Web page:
Suspend/resume on Macbooks: partial diagnosis
jkim at FreeBSD.org
Mon Feb 27 18:04:22 UTC 2012
On Sunday 26 February 2012 04:33 pm, Eric McCorkle wrote:
> A while ago, I tried to diagnose the reason why suspend/resume
> doesn't work on my macbook (9.0-STABLE, 13' unibody macbook pro,
> 5,5, I think). I got a partial answer, but then got busy and never
> finished. The recent KDE update apparently triggers a suspend, so
> I had incentive to look at it again, and also to report my previous
> findings, in case someone else has information or can fix it.
Can you please show us more detail, e.g., "devinfo -rv", "pciconf
-lv", verbose dmesg, etc?
> Here's what I have:
> The USB system sometimes fails to come back up, but this seems to
> be a more general issue not specific to the hardware. The firewire
> system would also sometimes trigger a kernel panic, but that was
> almost a year ago on 9-CURRENT, and firewire was causing other
> issues, so I disabled it and haven't used it since.
These are very common issues, unfortunately. :-(
> The VGA system fails to come back up, reporting "vga0: failed to
> reload state". I traced this error using extra logging messages to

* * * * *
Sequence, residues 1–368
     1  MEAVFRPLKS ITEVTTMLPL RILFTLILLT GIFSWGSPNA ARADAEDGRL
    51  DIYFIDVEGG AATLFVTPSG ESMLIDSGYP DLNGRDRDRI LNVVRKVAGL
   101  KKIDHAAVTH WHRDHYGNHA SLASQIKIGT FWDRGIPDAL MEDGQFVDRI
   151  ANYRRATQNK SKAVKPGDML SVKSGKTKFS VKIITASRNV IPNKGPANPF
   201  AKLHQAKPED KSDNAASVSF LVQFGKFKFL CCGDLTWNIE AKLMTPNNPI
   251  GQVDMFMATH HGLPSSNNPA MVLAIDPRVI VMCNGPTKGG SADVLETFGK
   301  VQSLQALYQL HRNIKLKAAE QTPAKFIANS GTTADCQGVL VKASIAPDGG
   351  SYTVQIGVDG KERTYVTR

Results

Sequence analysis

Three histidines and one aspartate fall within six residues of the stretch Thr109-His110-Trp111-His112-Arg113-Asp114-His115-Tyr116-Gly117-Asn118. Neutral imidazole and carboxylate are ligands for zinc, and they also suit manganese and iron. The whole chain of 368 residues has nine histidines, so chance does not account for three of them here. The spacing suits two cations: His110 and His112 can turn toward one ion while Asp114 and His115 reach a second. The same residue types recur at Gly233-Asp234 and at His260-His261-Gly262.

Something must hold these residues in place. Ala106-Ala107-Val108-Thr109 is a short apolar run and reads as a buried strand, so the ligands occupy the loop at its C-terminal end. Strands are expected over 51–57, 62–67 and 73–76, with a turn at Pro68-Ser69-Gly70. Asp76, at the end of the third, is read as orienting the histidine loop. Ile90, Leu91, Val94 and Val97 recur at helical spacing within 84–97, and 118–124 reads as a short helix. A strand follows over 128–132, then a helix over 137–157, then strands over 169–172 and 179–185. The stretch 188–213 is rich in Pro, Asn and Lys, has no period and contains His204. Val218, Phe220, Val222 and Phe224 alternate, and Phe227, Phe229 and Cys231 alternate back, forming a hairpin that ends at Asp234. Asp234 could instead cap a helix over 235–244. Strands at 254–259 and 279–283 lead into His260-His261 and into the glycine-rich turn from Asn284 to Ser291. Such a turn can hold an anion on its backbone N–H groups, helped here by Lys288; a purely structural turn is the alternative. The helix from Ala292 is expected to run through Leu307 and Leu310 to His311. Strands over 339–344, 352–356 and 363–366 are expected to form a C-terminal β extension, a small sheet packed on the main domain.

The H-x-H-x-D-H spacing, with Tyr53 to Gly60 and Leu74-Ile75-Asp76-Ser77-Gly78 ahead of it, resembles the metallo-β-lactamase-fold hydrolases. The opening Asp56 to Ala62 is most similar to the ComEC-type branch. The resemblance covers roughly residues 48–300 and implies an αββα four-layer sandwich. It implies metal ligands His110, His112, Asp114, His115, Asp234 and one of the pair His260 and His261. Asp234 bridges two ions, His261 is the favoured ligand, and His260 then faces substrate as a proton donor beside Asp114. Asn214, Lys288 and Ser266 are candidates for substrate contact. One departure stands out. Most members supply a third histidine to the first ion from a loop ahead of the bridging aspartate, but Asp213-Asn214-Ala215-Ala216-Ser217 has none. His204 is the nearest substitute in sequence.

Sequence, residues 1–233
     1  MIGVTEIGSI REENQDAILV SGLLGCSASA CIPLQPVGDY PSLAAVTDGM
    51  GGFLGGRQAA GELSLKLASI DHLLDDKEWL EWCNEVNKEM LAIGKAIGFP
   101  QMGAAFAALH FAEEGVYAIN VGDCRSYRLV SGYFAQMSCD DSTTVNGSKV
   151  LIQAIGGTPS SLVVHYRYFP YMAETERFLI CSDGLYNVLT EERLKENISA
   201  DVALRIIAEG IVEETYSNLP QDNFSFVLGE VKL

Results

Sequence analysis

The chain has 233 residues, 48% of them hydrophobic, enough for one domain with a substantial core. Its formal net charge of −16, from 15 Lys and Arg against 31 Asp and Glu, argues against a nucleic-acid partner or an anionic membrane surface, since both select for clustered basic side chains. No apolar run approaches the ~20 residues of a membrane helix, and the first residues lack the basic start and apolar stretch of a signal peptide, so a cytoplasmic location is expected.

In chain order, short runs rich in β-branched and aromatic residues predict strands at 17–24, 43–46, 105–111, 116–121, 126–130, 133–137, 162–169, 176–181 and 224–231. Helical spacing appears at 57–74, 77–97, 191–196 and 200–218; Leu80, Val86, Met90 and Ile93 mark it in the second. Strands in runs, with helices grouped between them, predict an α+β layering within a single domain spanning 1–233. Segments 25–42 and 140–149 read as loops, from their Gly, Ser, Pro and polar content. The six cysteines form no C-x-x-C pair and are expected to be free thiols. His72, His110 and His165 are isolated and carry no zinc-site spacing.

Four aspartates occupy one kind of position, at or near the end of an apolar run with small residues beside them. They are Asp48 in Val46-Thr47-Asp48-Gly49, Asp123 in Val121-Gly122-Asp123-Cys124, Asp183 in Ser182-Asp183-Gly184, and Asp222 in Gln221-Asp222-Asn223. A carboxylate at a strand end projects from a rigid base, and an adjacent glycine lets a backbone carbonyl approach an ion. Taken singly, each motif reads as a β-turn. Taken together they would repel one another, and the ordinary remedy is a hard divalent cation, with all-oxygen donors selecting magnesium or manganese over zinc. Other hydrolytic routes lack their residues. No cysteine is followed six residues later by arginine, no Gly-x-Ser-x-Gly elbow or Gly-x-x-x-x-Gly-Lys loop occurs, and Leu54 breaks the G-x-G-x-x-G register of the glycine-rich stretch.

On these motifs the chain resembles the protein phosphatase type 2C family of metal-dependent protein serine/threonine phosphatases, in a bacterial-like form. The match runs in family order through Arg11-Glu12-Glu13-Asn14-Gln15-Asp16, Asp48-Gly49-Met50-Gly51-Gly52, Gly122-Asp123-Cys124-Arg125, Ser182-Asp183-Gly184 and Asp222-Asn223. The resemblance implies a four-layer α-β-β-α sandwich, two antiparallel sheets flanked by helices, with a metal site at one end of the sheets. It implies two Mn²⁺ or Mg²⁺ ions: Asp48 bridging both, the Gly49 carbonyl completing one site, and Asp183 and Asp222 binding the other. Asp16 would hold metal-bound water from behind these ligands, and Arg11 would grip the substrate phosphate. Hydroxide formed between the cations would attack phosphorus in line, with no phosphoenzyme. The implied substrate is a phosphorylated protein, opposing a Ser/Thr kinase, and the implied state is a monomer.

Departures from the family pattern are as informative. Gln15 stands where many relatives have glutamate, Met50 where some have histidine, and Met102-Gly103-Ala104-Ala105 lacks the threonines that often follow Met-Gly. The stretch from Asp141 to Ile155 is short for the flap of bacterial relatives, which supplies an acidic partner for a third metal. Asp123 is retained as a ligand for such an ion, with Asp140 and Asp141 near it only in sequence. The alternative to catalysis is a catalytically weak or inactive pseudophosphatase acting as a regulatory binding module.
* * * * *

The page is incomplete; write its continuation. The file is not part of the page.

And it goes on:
> the BIOS POST call, at which point the x86emu system emulates the
> bios. From looking at the error message, disassembly of the BIOS
> code, and the memory map I am almost certain I know why. I'd meant
> to confirm it 100%, but I got busy.
Actually, the error message has nothing to do with BIOS POST call. Do
you have NVIDIA GPU on it?
> The root problem seems to be bad BIOS code that accesses the stack
> one word above the region allocated by the BIOS memory map (the map
> allocates 0x1000-0x1fff, the code dereferences 0x2000, or something
> similar). This is *technically* an error, but it does not cause a
> problem during boot, because there is always good memory at that
> address. The BIOS emulation system, however, seems to only
> allocate the regions described by the memory map, and thus treats
> it as an error (as a strictly-conforming BIOS implementation
> A quick-and-dirty fix might be to add an extra page above the stack
> region. I'm not sure what a more "legitimate" fix might be, since
> it's the BIOS code and not FreeBSD that's causing the problem.
> I'll probably take a closer look in the near future.
x86bios virtualizes real-mode memory and invalid memory access
immedidately halts the emulator. In other words, it shouldn't
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